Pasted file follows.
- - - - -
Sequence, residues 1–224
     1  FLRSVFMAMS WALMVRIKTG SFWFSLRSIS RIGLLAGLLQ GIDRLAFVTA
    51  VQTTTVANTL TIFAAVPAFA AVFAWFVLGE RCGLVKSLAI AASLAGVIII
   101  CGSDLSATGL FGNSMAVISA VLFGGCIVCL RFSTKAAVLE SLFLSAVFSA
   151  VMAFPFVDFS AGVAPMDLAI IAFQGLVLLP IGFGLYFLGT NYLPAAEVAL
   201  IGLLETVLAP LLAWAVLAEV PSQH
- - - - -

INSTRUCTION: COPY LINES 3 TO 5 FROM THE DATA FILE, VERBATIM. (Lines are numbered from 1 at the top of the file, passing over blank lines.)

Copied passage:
    51  VQTTTVANTL TIFAAVPAFA AVFAWFVLGE RCGLVKSLAI AASLAGVIII
   101  CGSDLSATGL FGNSMAVISA VLFGGCIVCL RFSTKAAVLE SLFLSAVFSA
   151  VMAFPFVDFS AGVAPMDLAI IAFQGLVLLP IGFGLYFLGT NYLPAAEVAL